FASB works to balance the desires of investors and preparers

The age-old tension between investors who use financial statements and the companies who prepare them has been evident in responses to the recent consultation on the FASB’s agenda.

When the FASB asked for comments as it considered mapping its future activities, providing more disaggregated information was one area presented for discussion.

“It appears that most investors and other capital distributors are in favor of further disaggregation of financial information. And preparers are not doing it,” FASB chairman Richard Jones said at the conference on Tuesday. AICPA & CIMA on current developments in the SEC and PCAOB.

Preparers oppose further disaggregation because it is expensive to produce, Jones said. He said the FASB will strike a balance between these views by:

  • Identify projects that fulfill the mission of the board and that can be carried out with the available resources;
  • Identify areas where there is a sufficiently widespread need to improve GAAP; and
  • Look for solutions with benefits likely to justify the expected costs.

“If the holy grail for an investor is a thousand items in the income statement, we won’t make it,” Jones said.

At the same time, Jones said that while the FASB seeks to remove unnecessary costs and complexity from the financial reporting system, that goal is not necessarily focused on the cost of preparing financial statements.

He said unnecessary costs and complexity affect all stakeholders, including investors.

“Our standards are judged by the quality of the information they provide to investors and the cost to investors and preparers, which, by the way, are costs borne by current investors,” he said.

The FASB received 522 responses to its consultation agenda, according to FASB technical director Hillary Salo. Common themes included:

  • Investors looking for disaggregated information on the fixed / variable nature and the recurring / non-recurring nature of a company’s income and expenses; and the jurisdictions or geographic areas in which a business operates.
  • Desire for the FASB to keep GAAP current and relevant in emerging areas such as digital asset accounting; the recognition of green elements such as financing linked to environmental, social and governance (ESG) measures; alternative tax structures; recognition of government grants; and software accounting.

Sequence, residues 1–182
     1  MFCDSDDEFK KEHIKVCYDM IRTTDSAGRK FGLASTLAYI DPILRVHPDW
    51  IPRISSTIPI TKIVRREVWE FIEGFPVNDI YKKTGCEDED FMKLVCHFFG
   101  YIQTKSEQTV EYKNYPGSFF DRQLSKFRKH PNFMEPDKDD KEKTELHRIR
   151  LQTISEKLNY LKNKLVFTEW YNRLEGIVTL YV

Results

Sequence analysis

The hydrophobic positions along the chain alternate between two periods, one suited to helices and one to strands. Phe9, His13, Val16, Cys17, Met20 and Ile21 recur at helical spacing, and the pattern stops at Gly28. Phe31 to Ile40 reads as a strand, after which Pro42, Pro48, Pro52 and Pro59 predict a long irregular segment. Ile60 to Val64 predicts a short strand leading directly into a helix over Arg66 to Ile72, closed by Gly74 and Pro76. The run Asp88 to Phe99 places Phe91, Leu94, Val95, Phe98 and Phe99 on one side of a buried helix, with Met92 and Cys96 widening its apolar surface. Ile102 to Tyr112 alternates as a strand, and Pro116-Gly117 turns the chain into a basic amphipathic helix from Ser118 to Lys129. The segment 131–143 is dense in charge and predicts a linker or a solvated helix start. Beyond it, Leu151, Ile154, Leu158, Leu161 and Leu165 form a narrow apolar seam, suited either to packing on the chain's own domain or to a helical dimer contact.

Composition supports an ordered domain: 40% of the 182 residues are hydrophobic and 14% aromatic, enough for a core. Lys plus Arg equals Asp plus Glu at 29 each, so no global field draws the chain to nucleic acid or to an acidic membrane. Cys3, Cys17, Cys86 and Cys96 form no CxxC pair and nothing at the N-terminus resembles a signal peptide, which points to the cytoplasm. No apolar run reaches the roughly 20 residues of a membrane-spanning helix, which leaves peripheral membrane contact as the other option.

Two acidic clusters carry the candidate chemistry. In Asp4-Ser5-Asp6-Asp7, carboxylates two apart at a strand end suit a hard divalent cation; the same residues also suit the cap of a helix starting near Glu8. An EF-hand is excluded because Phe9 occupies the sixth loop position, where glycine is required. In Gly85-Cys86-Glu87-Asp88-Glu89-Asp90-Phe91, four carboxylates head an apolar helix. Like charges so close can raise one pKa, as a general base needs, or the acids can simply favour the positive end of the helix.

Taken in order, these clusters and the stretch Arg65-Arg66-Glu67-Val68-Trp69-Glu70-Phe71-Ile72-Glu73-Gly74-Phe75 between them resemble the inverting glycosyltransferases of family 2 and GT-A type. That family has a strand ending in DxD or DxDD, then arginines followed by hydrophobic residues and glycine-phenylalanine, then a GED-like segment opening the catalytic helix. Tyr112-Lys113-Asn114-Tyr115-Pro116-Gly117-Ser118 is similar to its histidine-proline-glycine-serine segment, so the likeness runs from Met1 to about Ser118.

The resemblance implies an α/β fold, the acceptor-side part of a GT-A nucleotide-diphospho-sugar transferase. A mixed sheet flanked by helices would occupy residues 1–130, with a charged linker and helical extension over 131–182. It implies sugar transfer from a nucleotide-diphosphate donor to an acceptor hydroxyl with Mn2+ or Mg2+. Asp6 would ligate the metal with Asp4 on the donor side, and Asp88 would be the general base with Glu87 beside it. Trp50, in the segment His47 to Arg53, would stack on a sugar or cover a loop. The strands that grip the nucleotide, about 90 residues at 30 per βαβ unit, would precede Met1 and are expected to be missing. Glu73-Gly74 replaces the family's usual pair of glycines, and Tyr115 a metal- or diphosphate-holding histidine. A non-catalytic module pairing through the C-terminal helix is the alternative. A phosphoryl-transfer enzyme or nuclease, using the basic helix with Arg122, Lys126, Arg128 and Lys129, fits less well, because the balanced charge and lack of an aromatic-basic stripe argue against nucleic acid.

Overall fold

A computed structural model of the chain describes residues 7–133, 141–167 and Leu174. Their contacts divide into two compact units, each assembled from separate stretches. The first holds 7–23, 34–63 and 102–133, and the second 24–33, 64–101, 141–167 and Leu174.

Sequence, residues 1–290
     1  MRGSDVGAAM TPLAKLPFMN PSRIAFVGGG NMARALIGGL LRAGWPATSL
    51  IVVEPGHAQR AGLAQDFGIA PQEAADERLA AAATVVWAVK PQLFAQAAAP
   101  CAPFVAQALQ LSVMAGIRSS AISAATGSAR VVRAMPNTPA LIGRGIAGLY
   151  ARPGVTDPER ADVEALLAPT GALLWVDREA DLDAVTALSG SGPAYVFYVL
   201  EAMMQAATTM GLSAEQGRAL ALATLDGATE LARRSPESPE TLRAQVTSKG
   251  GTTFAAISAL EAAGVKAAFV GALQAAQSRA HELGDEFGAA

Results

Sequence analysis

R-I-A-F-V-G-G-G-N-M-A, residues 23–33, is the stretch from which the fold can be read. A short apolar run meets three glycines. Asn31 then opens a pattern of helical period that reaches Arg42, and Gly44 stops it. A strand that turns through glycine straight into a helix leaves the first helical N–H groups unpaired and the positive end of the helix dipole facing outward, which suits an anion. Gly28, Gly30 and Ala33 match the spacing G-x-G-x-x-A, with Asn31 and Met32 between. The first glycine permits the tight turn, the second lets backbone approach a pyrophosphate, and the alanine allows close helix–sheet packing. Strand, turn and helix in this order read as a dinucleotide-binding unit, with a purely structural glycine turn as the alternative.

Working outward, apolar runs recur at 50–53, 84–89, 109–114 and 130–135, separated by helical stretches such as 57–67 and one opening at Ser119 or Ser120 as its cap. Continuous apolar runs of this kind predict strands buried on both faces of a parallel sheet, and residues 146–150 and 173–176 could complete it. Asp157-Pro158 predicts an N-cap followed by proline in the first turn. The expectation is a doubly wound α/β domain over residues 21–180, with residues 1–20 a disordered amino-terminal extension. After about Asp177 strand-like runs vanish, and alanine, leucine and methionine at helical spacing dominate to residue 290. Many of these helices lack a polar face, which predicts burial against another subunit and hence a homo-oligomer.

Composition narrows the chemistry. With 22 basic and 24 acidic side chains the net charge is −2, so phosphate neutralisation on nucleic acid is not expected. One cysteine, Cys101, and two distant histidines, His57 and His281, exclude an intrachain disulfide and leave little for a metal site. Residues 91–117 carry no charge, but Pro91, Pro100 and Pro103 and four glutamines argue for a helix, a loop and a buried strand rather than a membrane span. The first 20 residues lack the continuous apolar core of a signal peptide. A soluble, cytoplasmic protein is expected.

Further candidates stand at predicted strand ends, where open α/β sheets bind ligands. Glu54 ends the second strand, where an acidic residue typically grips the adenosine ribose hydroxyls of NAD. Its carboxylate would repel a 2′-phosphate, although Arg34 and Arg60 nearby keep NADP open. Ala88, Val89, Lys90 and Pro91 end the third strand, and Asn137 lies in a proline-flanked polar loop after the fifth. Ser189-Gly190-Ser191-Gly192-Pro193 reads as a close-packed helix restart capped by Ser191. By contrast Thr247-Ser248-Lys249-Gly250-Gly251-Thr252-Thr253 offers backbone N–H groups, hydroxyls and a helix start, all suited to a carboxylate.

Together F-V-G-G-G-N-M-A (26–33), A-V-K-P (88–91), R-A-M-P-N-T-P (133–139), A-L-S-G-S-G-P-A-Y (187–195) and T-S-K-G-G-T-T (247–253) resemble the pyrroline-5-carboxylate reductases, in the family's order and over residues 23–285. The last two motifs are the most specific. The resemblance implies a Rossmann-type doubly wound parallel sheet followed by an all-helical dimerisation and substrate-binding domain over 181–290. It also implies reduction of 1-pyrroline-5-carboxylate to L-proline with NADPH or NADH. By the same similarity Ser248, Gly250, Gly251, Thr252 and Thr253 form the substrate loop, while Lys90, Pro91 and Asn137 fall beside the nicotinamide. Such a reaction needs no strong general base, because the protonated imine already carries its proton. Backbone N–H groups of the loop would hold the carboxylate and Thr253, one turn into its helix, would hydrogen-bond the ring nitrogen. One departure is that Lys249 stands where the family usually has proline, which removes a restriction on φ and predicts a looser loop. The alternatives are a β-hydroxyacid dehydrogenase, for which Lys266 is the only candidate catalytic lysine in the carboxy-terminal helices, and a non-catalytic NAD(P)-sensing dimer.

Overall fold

• Concern over cost and complexity of FASB consolidation guidelines.
  • Desire to improve the standards of distinction between liabilities and equity.
  • Desire to improve accessibility to the codification of accounting standards and FASB interpretation guidelines.

The board plans to analyze the consultation comments on the agenda in the first half of next year and start making changes based on the comments.

IASB update

IASB President Andreas Barckow told the conference that the strategic priorities of the board are as follows:

  • Financial information related to sustainable development: The announcement in November of the formation of the International Sustainability Standards Board by the IFRS Foundation is a big step towards consistent sustainability accounting. “The risk of climate change is a problem for today and not for tomorrow,” Barckow said. “… Sustainability is going to be part of your daily work if it isn’t already.”
  • Key projects: These include primary financial statements, post-implementation reviews, goodwill impairment and an advisory program.
  • Convergence: Barckow said the continued cooperation between the IASB and the FASB benefits both boards and their stakeholders.

Ken tysiac ([email protected]) is the JofAeditorial director of.

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